Sexual Reproduction in Animals - Embibe
  • Written By Sumana_C
  • Last Modified 27-06-2022
  • Written By Sumana_C
  • Last Modified 27-06-2022

Sexual Reproduction in Animals: Detailed Explanation

Sexual Reproduction in Animals: Students must know about sexual reproduction in Animals, both asexual and sexual reproduction, as some animals produce offspring through sexual reproduction. In contrast, others produce offspring through asexual reproduction. These methods have both disadvantages and advantages.

On the other hand, a large number of offspring can be produced asexually quickly. So these two are the most significant advantages asexually reproducing organisms have. These two advantages are not found in sexually producing organisms. If it is a predictable or stable environment, the most effective means of reproduction is asexual reproduction. That is because all the offspring will be adapted to that particular environment. On the other hand, if it is an unpredictable and unstable environment, asexual reproduction will be disadvantaged for species because offspring will be genetically identical and may not be adapted to different conditions.

Sexual Reproduction in Animals: Asexual Reproduction

Asexual reproduction produces genetically identical offspring to the parent. That is because all these offspring produced by asexual reproduction are the clones of the parent. An individual can produce offspring asexually. Asexual reproduction happens in prokaryotic microorganisms, especially archaea and bacteria, and many eukaryotic, single-celled, and multi-celled organisms. Animals can reproduce asexually in several ways. However, the details of which vary from one species to another.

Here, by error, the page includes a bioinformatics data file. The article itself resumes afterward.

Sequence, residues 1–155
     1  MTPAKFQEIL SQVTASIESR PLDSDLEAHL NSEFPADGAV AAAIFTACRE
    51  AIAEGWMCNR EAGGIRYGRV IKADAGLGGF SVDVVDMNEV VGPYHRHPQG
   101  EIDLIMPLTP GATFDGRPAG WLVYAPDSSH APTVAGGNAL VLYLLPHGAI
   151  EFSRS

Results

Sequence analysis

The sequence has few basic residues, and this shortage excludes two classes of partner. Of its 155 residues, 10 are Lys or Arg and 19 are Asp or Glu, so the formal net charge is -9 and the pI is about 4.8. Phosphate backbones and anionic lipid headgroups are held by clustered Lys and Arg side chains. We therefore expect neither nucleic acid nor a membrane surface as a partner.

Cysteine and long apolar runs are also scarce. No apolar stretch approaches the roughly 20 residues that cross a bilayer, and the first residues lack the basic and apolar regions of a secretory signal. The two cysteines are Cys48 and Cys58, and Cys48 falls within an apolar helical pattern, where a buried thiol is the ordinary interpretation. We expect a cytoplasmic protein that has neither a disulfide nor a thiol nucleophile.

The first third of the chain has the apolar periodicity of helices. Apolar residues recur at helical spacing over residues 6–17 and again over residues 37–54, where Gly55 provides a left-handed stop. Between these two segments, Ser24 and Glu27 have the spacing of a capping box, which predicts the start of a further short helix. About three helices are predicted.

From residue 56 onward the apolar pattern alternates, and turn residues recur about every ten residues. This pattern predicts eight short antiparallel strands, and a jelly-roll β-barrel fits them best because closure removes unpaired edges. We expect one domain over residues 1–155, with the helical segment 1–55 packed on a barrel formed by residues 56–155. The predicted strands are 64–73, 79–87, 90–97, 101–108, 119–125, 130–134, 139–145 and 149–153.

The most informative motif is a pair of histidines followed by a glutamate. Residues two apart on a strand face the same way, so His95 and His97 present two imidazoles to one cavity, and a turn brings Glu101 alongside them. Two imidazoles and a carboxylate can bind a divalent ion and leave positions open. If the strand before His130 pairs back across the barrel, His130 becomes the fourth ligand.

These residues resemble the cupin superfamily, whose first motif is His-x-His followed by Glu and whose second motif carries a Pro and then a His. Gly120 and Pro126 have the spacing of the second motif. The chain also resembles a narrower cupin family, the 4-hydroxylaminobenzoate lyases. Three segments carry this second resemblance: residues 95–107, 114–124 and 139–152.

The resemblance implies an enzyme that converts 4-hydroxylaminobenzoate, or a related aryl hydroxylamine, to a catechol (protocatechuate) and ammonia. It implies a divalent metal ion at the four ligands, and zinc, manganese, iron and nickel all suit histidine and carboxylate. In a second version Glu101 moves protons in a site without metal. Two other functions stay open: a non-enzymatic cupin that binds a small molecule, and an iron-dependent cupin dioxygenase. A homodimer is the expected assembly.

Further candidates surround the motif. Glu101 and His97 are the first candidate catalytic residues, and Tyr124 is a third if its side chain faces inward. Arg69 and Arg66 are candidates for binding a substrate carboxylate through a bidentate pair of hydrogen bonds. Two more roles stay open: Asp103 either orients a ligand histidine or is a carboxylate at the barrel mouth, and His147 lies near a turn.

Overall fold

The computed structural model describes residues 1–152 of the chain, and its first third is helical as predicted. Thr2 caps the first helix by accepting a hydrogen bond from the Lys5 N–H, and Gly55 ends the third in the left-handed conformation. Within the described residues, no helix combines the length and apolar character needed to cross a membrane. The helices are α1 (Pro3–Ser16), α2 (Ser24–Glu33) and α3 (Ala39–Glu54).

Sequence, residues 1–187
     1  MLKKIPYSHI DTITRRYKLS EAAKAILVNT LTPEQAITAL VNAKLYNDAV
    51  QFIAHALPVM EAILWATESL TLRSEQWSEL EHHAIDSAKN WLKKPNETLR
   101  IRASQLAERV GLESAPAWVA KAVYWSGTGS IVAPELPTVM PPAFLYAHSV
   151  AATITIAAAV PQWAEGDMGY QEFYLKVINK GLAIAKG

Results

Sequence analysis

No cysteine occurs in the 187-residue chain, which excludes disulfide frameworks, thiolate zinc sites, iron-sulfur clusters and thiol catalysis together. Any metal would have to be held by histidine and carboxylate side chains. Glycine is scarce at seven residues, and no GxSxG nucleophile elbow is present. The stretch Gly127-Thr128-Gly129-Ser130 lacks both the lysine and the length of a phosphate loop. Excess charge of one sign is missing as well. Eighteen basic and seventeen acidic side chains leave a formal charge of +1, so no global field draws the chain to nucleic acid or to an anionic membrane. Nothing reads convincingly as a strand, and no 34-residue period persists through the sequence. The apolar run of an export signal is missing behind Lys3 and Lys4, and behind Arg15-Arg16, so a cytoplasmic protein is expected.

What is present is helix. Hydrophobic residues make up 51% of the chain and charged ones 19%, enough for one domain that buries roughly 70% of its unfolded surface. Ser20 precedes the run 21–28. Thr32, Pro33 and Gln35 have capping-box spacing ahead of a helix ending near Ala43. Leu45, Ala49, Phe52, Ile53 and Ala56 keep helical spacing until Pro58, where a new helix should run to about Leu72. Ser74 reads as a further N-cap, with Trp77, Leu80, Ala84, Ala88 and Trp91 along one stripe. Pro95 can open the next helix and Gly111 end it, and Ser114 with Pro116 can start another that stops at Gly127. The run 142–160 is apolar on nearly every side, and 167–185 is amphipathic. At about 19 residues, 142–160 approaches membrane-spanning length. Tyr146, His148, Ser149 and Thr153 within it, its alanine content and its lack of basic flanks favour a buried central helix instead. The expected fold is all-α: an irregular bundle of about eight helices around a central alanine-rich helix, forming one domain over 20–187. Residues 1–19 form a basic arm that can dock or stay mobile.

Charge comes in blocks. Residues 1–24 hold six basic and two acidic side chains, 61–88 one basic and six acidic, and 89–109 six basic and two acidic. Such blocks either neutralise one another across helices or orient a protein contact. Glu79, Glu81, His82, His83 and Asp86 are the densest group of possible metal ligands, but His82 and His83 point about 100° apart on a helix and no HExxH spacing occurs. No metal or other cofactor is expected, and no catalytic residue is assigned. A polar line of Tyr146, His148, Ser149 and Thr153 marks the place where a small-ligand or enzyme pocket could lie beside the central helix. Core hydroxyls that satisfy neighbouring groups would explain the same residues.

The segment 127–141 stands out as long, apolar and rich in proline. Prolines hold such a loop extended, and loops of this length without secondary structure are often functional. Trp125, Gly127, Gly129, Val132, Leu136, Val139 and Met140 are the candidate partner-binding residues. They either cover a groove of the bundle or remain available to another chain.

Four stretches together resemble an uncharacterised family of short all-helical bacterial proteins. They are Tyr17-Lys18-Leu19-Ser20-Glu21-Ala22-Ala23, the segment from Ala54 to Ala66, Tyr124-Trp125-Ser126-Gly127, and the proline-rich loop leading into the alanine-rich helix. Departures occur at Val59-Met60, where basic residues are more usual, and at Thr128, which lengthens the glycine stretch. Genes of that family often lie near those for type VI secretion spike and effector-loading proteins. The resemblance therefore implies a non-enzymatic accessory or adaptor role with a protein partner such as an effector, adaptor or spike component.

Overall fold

Sexual Reproduction in Animals: Fission

Some invertebrate multicellular creatures engage in fission, commonly known as binary fission. It resembles the binary fission process that occurs in single-celled prokaryotic organisms in several aspects. When an organism appears to split into two parts and, if necessary, regenerates the missing parts of each new organism, the phenomenon is referred to as fission.

For instance, some turbellarian flatworm species, sometimes known as planarians, like Dugesia dorotocephala, can split their bodies into head and tail sections, and each of the two new individuals can subsequently regenerate the missing half. The genus Holothuria’s sea anemones (Cnidaria) of the genus Anthopleura and sea cucumbers (Echinodermata) will split into two halves across the oral-aboral axis. After that, it will regenerate the other half in each resulting individual.


Budding is an asexual reproduction form that happens because of the outgrowth of a body part that leads to the separation of the “bud” from the original organism. As a result, two individuals originate, one smaller than the other. Budding appears commonly in invertebrate animals like corals and hydras. A bud forms in hydras that develop into an adult and break away from the main body.

Hydra reproduces asexually basically through budding. An adult hydra’s tubular body develops into a bud, sprouting a mouth and tentacles before separating from its parent. The brand-new hydra is fully formed and will choose a place to attach itself. Some corals, like the Lophelia pertusa in this image, have the ability to budding. This depicts a hydra with a body resembling a stalk and tentacles extending from the top. A smaller hydra is sprouting from the stalk’s side.